It is wonderful to see a reprint of this seminal wide-ranging, thought-provoking book that, almost at every point, challenges us to consider, and then re-consider, how we think about things, and write about them too. I read the book in early draft form and often return to it; to think through things raised in it, for inspiration, or to remember Judy Attfield’s pioneering contributions to contemporary material culture studies and her enormous impact upon generations of students and scholars across a range of disciplines.
A designer before she turned to design history and discovered a passion for anthropology and critical theory, as well as for “history from below”—manifested here in discussions of everything from reproduction furniture to my mothers’ clothes—Judy’s lively intellect knew no disciplinary boundaries. Inside these covers Judy’s love of ideas, herstories/histories, and grappling with theory, is everywhere apparent. Enjoy the journey you take with her.
What do things mean? What does the life of everyday objects after the check-out reveal about people and their material worlds? Has the quest for ‘the real thing’ become so important because the high-tech world of total virtuality threatens to engulf us?
This pioneering book bridges design theory and anthropology to offer a new and challenging way of understanding the changing meanings of contemporary human-object relations. The act of consumption is only the starting point of object’s “lives”. Thereafter they are transformed and invested with new meanings and associations that reflect and assert who we are. Defining designed things as “things with attitude” differentiates the highly visible fashionable object from ordinary artifacts that are too easily taken for granted.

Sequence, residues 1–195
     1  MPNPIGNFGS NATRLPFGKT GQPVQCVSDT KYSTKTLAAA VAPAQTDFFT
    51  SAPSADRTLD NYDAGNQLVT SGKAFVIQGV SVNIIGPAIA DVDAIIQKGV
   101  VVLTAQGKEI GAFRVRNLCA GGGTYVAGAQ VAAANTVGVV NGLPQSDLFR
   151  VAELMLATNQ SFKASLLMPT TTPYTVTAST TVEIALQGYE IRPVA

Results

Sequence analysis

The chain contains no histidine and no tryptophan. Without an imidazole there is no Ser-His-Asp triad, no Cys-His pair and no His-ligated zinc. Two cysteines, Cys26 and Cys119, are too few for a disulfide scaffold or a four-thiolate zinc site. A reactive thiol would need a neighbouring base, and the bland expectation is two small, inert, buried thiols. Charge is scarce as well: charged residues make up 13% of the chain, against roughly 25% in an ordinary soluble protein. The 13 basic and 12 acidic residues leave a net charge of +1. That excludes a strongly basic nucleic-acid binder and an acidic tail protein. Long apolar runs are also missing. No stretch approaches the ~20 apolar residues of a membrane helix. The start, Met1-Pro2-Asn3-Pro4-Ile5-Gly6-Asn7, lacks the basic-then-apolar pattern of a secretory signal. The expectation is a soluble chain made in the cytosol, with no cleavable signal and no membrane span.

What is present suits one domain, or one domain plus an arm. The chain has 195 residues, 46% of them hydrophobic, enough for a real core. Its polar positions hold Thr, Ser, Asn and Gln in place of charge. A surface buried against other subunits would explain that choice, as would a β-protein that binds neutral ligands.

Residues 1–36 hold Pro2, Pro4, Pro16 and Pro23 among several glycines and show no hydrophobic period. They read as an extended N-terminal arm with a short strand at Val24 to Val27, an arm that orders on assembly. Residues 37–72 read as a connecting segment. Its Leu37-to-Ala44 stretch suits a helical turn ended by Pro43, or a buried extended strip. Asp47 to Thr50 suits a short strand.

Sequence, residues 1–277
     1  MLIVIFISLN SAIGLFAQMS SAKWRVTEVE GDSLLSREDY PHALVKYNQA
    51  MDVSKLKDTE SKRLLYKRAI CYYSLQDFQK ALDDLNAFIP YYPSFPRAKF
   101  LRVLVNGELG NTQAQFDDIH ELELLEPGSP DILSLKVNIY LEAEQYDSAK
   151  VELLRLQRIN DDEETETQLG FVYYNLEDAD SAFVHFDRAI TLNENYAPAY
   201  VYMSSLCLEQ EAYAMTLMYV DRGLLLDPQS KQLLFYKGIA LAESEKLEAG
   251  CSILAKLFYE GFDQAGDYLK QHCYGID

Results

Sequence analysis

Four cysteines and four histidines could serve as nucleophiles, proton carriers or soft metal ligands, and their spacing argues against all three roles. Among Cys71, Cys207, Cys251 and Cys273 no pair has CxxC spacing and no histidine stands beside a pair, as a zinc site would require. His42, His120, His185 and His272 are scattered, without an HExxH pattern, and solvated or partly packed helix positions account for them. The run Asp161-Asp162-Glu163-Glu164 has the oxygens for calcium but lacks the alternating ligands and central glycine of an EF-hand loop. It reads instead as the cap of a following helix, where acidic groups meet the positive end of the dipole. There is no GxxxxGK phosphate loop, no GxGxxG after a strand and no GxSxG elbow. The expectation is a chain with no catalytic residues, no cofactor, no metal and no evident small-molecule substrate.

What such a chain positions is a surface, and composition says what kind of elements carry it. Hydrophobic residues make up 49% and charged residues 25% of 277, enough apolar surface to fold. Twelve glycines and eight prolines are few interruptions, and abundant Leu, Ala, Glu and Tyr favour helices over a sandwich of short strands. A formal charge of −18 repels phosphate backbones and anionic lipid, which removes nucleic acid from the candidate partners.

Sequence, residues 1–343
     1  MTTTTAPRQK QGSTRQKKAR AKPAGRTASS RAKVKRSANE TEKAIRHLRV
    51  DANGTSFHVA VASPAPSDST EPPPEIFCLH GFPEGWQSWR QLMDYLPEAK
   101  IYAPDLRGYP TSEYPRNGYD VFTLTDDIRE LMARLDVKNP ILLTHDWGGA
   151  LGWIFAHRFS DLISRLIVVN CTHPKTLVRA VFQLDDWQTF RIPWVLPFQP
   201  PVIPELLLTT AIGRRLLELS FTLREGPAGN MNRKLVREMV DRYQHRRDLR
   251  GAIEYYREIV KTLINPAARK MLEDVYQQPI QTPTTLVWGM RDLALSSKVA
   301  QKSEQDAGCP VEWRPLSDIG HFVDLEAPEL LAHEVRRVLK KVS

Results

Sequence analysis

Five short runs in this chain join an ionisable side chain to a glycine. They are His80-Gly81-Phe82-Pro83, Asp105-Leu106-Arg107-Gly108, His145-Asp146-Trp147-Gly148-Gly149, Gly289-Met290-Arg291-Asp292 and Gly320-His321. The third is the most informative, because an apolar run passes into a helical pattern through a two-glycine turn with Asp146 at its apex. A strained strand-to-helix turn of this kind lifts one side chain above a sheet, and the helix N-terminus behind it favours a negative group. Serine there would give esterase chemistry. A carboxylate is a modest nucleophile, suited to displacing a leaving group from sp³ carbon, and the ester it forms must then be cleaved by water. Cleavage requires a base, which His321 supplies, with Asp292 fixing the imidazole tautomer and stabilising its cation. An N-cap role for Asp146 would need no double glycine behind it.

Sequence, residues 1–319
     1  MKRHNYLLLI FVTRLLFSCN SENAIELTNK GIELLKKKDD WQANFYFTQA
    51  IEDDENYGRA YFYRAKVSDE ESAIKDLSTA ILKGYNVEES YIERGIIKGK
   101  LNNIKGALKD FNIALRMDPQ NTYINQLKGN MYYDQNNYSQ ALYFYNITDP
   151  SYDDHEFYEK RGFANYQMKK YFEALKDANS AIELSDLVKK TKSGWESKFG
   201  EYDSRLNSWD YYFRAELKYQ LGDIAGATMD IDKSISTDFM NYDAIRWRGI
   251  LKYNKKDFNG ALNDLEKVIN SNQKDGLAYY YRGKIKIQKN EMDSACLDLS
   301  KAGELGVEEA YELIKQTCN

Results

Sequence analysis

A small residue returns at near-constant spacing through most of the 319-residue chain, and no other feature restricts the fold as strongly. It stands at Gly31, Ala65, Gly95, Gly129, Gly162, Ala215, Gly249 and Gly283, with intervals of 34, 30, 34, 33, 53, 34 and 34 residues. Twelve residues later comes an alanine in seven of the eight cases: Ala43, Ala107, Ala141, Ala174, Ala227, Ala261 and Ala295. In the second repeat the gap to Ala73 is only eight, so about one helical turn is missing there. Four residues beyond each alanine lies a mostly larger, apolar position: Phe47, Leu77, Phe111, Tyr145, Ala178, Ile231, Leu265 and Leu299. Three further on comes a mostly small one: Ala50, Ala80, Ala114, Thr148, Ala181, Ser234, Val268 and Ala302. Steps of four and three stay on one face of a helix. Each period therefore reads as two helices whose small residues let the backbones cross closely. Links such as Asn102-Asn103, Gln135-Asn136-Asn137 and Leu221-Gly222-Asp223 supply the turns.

Through case studies ranging from reproduction furniture to fashion and textiles to ‘clutter’, Judy Attfield traces the connection between objects and authenticity, ephemerality and self-identity, showing the materiality of the everyday in terms of space, time and the body and exploring the transition with the passing of time from embodiment to disembodiment.
Judy Attfield was a designer and a teacher and writer in design history and material culture. In addition to Wild Things (2000), she co-edited, with Tag Gronberg, Women Working in Design: a Resource Book (1986); made a seminal feminist contribution to John A Walker’s Design History and the History of Design (1986); co-edited with Pat Kirkham, A View from the Interior: Feminism, Women and Design (1989); co-wrote the introductory essay and contributed to The Gendered Object (1996); edited the anthology Utility Reassessed: The Role of Ethics in the Practice of Design (1999) and edited a collection of her writings and articles, Bringing Modernity Home: Writings on Popular Design and Material Culture (2007). Judy Attfield died in 2006.